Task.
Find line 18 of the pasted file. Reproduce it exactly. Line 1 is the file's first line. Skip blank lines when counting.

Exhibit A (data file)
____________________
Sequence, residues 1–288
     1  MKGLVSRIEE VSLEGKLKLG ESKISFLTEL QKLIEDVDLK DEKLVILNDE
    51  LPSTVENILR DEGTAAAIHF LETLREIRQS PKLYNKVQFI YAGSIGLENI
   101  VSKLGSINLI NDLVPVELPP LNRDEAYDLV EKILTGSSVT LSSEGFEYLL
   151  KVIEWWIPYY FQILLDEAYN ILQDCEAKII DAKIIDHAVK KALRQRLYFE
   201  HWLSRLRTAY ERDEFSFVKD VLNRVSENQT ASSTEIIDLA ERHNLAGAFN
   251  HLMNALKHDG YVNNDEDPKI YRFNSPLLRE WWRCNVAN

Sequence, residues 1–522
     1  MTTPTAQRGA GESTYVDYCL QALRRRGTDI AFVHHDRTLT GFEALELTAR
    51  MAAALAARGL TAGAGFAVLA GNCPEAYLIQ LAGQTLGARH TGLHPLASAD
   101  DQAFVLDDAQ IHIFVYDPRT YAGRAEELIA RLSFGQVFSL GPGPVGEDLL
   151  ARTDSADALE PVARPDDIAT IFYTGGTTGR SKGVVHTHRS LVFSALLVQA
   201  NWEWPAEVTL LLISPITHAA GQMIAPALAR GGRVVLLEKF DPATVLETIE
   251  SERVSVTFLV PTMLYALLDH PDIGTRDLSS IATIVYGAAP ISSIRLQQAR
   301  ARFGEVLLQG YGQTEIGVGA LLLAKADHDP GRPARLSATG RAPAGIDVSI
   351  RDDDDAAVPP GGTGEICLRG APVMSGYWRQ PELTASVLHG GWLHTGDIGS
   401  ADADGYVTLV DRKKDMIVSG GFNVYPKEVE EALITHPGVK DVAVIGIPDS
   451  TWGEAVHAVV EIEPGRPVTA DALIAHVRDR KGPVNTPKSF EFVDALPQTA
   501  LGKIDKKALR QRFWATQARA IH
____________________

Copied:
   451  TWGEAVHAVV EIEPGRPVTA DALIAHVRDR KGPVNTPKSF EFVDALPQTA